Our table at Yellow Flower Cafe, where we can be found almost every day.
Our table at Yellow Flower Cafe, where we can be found almost every day.

After yoga each day Kristin and I walk along a narrow concrete path delicately perched on the edge of a terrace between jungle, rice fields, villas, and a narrow water channel, to the nearby Yellow Flower Cafe where we settle down to read over too many cups of coffee and a whole coconut. We sit atop thin cushions on a raised floor in the corner, leaning our sweaty backs against a curved wall, the same spot every day. Sometimes for hours. The coffee is local, cheap, and strong and the food organic and delicious; the setting is priceless. We are slowly becoming part of the scenery and often fall into conversation with whoever claims the other low table in this nest-like portion of the cafe. Perhaps a woman or two from our yoga class, or one of the instructors, or a retired Australian couple, or European newlyweds. It doesn’t matter. Ubud is the anti-Seattle. Here a warm smile inevitably leads to a lengthy conversation, an exchange of email addresses, and a hug. The staff knows us now too, knows that we’ll be back tomorrow, and knows we want a table for two, sometimes three, no-you-better-make-that-four for the Sunday night Indonesian buffet. They don’t fret for a moment when we realize that we’ve run out of cash and have to return the next day with the rest of the money we owe. It’s happened twice.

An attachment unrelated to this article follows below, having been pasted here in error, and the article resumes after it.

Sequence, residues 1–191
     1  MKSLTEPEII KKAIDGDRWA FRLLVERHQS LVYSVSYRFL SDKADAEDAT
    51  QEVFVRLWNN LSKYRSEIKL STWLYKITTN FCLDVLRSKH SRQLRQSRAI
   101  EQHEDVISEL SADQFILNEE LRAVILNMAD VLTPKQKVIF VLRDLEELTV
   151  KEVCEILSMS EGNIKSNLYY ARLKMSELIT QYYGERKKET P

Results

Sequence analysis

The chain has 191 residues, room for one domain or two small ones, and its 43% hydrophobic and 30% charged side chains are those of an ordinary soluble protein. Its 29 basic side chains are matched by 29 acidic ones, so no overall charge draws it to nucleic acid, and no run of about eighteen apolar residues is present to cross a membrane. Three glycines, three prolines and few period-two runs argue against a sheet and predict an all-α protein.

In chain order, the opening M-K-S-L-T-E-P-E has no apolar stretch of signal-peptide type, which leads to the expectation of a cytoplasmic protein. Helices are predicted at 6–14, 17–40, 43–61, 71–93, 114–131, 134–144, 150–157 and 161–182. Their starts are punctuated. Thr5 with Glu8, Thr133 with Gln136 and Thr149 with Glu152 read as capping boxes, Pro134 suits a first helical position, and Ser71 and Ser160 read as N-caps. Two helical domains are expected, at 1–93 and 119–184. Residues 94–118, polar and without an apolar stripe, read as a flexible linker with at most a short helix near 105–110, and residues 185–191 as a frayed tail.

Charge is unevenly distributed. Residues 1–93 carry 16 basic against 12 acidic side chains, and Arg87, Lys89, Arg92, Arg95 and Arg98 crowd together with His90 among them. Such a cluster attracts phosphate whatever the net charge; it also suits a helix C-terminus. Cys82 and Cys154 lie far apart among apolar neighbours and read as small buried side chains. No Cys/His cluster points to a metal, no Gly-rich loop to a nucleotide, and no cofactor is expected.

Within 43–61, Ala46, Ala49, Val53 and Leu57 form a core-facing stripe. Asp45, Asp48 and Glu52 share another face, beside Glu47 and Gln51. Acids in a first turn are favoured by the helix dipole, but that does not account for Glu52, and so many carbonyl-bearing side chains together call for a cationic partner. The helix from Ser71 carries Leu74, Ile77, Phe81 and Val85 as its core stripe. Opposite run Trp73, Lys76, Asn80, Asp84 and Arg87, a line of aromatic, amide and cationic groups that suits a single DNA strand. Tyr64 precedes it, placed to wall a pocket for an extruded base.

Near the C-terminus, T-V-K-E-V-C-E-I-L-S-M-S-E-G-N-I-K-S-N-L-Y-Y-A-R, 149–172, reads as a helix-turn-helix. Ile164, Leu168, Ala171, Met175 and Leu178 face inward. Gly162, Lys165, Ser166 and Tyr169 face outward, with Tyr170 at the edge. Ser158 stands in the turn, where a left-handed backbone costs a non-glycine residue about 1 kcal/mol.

Back foot meets the right and Downward Dog.
Turn in your elbows, hips to the sky, exhale.
Inhale and slide forward into plank. Exhale and hold it.

One day last week we didn’t go to yoga and the cafe but instead rented a motorbike and took off across the island, up into the mountains. It was a 75-mile day trip, pushing our 110cc Honda Scoopy to its limit as it gamely carried us up steeply switchbacking 20% inclines to the rim of an ancient, weathered volcano. Bali is beautiful, from tip to tip, just as we suspected. Though our trip to a lakeside temple, waterfall, and rice fields yielded a very memorable day we opted to scale back our plans for other similar forays on account of our newly-formed, instantly-treasured routine back in Ubud.

Legong dancers take the stage at Ubud Palace.
Legong dancers take the stage at Ubud Palace.